Tuesday, May 31, 2011

Meet the family for May 31, 2011



Angela Denise Kerlin is 38 years old today, born in 1973.  HAPPY BIRTHDAY ANGEL!!!!!!  Angel is Walter William Wooden's wife and they live in Lawrenceville, Gwinnett, GA. Angel is the wife of the boys' uncle.



Effa June Stanford is 131 years old today, born in 1880 in Stanford, Clay, Illinois.  She unfortunately died less than two months later on July 5, 1880.  Effa was one of a set of twins born to David Stanford and his second wife Nancy Ann Kenley and is the boys' 2nd great-grandaunt.  Effa's twin sister is Etta May Stanford and her big sister is Margaret Jennie Stanford the boys' 2nd great-grandmother who married Joseph R. Wooden.


Frank N. Smith
is 164 years old today, born in 1847 in New York.  He died at age 88 on April 25, 1936 in Elmira, Chemung, New York. Frank is the husband of the boys' 2nd cousin 5 times removed, Waite L. Cleveland.  Waite's father is Morgan R. Cleveland the boys' 1st cousin 6 times removed.  Morgan's mother is the boys' 5th great-grandaunt, Nancy Ann Cotton whose older brother is the boys' 5th great-grandfather, Ira Cotton who married Sally Gold in 1811.

Rev., Hezekiah Gold
died 221 years ago today in 1790 at age 59 in Cornwall, Connecticut. Hez is the boys' 1st cousin 9 times removed.  He is also their 3rd and 5th cousins 9 times removed via other lines.  He married Sarah Sedgwick November 22, 1758 in Cornwall, Litchfield, Connecticut.  They had 3 children, Thomas Gold 1759, Capt, Benjamin Gold, 1762 and Thomas Ruggles Gold 1764.  Thomas Ruggles Gold was a US congressman serving in the House for the state of New York starting in 1809 and again for Connecticut beginning in 1815.  His bio follows:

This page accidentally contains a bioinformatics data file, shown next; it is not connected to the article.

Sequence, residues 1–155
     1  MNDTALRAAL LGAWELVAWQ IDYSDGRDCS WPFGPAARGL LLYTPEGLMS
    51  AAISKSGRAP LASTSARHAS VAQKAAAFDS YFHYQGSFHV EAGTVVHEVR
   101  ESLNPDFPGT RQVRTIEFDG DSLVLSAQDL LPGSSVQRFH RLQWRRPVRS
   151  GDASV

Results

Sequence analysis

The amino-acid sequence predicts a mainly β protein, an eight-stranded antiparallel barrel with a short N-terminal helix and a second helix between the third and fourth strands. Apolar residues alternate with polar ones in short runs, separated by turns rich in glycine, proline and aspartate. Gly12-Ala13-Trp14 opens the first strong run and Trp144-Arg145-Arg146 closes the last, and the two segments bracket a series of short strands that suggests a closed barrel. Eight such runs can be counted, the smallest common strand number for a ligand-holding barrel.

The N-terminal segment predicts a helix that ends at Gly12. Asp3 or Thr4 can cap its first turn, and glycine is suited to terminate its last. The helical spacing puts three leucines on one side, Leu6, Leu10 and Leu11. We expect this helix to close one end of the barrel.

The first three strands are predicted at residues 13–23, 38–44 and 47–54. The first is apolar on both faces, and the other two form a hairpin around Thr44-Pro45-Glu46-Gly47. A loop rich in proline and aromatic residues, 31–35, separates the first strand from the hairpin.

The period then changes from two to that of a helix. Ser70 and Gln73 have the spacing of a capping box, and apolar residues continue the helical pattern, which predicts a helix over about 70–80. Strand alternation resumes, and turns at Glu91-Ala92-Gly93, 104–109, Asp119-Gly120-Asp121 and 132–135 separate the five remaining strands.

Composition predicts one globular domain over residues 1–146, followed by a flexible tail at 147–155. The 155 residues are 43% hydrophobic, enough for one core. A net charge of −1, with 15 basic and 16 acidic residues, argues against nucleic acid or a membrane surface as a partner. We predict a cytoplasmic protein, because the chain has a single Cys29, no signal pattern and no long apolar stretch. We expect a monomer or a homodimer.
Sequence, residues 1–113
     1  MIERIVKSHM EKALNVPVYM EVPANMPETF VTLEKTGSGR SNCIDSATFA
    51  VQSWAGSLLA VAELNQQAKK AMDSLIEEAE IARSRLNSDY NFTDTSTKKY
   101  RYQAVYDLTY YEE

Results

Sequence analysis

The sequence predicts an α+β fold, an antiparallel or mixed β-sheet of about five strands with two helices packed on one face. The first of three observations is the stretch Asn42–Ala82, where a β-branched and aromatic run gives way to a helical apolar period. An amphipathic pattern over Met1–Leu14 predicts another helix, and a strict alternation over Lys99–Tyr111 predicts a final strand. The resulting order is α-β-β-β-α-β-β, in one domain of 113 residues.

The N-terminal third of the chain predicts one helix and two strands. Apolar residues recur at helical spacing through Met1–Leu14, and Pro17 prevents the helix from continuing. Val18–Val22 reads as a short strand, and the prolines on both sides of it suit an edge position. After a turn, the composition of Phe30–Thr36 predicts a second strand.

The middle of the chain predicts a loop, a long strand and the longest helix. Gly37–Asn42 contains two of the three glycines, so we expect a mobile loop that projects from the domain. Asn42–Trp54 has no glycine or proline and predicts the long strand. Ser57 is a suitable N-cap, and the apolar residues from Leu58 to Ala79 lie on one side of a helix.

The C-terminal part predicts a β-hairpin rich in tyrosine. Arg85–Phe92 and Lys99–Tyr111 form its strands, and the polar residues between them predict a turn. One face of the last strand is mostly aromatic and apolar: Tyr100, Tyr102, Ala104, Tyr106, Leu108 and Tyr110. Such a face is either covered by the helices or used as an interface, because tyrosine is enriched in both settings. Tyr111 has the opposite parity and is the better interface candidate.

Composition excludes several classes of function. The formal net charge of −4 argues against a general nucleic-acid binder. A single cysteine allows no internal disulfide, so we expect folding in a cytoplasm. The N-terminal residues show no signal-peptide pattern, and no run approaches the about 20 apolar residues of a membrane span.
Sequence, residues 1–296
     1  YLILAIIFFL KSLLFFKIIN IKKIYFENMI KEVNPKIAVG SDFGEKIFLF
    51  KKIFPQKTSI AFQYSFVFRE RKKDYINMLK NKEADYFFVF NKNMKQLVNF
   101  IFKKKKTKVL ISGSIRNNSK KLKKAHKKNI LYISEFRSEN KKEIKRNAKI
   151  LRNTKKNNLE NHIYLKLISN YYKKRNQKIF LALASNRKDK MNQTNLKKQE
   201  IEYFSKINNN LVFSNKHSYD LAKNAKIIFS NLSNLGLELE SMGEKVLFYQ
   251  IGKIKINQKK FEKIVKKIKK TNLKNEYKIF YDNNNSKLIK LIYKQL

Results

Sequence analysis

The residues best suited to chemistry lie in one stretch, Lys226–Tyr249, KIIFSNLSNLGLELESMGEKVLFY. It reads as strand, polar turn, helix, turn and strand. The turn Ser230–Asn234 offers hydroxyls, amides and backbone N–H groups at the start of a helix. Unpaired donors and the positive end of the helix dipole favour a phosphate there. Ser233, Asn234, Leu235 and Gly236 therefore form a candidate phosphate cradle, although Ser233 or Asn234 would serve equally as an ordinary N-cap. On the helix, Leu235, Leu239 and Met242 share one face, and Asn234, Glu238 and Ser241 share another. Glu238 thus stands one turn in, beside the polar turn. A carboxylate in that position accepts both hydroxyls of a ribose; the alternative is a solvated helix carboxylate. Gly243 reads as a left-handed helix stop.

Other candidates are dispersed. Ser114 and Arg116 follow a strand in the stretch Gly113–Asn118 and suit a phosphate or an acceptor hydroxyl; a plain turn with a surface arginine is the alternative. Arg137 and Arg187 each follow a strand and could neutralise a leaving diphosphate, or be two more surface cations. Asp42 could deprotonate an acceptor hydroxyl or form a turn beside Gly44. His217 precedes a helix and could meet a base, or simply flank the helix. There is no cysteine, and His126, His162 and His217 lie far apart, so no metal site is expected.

Elected Office(s):     Representative
Elected Date(s):     4 Mar 1809
[4 Mar 1815]
State:     New York, Connecticut
Country:     USA
Biography:     a Representative from New York; born in Cornwall, Conn., November 4, 1764; pursued classical studies, and was graduated from Yale College in 1786; studied law; was admitted to the bar and commenced practice in Goshen, Conn.; settled in Whitesboro, Oneida County, N.Y., in 1792; assistant attorney general of New York 1797-1801; member of the State senate 1796-1802; unsuccessful candidate for election in 1804 to the Ninth Congress; served in the State assembly in 1808; elected as a Federalist to the Eleventh and Twelfth Congresses (March 4, 1809-March 3, 1813); unsuccessful candidate for reelection in 1812 to the Thirteenth Congress; elected to the Fourteenth Congress (March 4, 1815-March 3, 1817); was not a candidate for renomination in 1816; resumed the practice of law in Whitesboro, N.Y., where he died October 24, 1827; interment in Grand View Cemetery.